We had our single-player review of Destiny last week and today we round it off with the multiplayer side. Read on for our video review and written review of our interesting journey playing Destiny.
- Controls and shooting feel great and responsive.
- Using the same gear in single-player and multiplayer is interesting.
- Having daily and weekly events is pretty enjoyable.
- Not much depth or variety makes Crucible quite bland.
- Missing many basic features we have come to expect from multiplayer games.
- Significantly older games like Halo 2 featured a better multiplayer experience overall.
We had our single-player review of Destiny last week and today we round it off with the multiplayer side. As discussed during the video review the multiplayer side has been a more positive experience overall however it also shares significant amount of flaws pushing it far from an ideal game overall.
The list of positives is fairly short however it covers many of the important basics that other games fail to master. For a PvP multiplayer shooter having controls that feel good and responsive will give a great initial impression of the game. Destiny certainly excels in this regard and gives the impression of a fantastic game to come. The pleasant visuals may not be as important but they do help make the game more enjoyable, the exception to this would be the game running at 30fps instead of the silky smooth 60fps most of us were expecting from these new consoles.
With the blink of an eye we passed over the positives and are now looking at the long list of negatives. Within a couple rounds you realize that Crucible, which is the competitive PvP multiplayer, is limited to four playlists with one of them being worthwhile to play. The control mode is the most enjoyable which pits a pair of six player teams in a game of capture and hold with three fixed zones on the map. The remaining games in the playlist are typical 3v3, 6v6 and FFA modes which due to the radar mechanic end up turning into boring matches of camping and waiting. To try and keep things interesting Bungie will typically add in a weekend playlist which simply rehash existing modes and provide no extra variety. The exception would be the weeklong Iron Banner event which supposed to highlight level advantages and make use of your hard earned equipment to get an edge but that proved to not be the case which we will discuss later on.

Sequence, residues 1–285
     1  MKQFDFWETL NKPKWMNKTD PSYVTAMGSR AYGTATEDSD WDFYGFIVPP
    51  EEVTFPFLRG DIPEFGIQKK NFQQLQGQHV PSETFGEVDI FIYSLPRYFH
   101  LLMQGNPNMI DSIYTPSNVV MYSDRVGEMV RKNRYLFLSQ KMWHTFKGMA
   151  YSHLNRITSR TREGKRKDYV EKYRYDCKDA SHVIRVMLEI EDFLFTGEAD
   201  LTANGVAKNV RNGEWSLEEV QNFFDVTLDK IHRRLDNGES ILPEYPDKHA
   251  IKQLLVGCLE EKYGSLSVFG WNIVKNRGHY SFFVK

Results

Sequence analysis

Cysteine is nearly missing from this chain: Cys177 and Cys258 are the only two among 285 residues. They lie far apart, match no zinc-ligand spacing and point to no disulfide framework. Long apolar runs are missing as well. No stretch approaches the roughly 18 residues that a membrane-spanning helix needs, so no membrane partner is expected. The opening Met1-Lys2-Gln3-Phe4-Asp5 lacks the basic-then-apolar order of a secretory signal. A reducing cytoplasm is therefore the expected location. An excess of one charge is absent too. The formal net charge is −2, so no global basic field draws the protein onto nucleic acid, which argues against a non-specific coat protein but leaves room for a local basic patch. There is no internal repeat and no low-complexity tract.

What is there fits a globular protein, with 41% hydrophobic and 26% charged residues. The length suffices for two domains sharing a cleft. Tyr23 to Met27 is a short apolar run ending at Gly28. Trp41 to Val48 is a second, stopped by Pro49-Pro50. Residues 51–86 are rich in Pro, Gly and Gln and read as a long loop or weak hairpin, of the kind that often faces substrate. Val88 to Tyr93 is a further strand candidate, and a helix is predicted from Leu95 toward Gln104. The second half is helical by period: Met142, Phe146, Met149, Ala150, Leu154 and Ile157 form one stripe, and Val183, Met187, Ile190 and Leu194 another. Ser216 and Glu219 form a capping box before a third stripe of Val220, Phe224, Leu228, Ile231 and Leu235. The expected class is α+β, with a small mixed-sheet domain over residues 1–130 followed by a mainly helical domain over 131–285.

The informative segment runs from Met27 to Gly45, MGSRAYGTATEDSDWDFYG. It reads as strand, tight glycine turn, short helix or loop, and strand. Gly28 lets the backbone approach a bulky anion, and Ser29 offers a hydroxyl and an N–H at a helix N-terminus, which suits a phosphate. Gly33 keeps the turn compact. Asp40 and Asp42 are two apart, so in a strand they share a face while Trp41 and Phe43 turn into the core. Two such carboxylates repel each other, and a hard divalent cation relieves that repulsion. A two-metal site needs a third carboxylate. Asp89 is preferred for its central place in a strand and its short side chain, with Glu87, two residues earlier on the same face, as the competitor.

Outside the Crucible, Destiny features two PvE modes which are Strikes and Raids. Both modes are fairly similar in that you run through a pre-determined route and fight waves of enemies, special enemies and then some end boss. The difference between the modes are the length and complexity, Strikes are simple and quick runs that can last between 15-30 minutes and can be done by most levels while Raids typically take over an hour at minimum and are reserved for very high level characters. The primary reason to play these modes would be to collect some better gear as the boss fights themselves tend to be quite dull and repetitive. Granted I have yet to play any Raids since I don’t have enough friends to start one plus considering the gear doesn’t matter in Crucible either, I really can’t find a reason to bother sinking hours into Raids in this game. You see Crucible multiplayer modes normalizes all players and gear by removing any advantage from higher level stats and Iron Banner was supposed to be the mode where you could flex that advantage. However since Iron Banner has only ran for a single week since launch and it also had fairly aggressive normalization enabled, it completely nullifies the point of grinding away for better gear overall.
All in all what are we left with? There is no denying that playing the Crucible PvP in Destiny is a fun experience with the core components very well refined. However the rest of the package is severely lacking content and features that would make it a worthwhile game to play long term. For the casual crowd there is simply no variety or flexibility to shake things up and keep the game interesting, especially when you look at all the original game modes in previous Halo titles with custom game types and Forge on top of that too. From a competitive standpoint the game doesn’t have any rankings, official in-game leaderboards, skill based matchmaking or private lobbies which were once again implemented in previous Halo games. So overall its tough to recommend this game to anybody due to the multiple shortcomings and the fact that we have many significantly better games currently available on the market.
Play time: 34h – Bungie.net profile.
Completion: 178 Crucible matches and 39 strikes.
Last played: October 26th, 2014.
Platform: PlayStation 4.
Acquisition: Via PlayStation 4 Destiny bundle.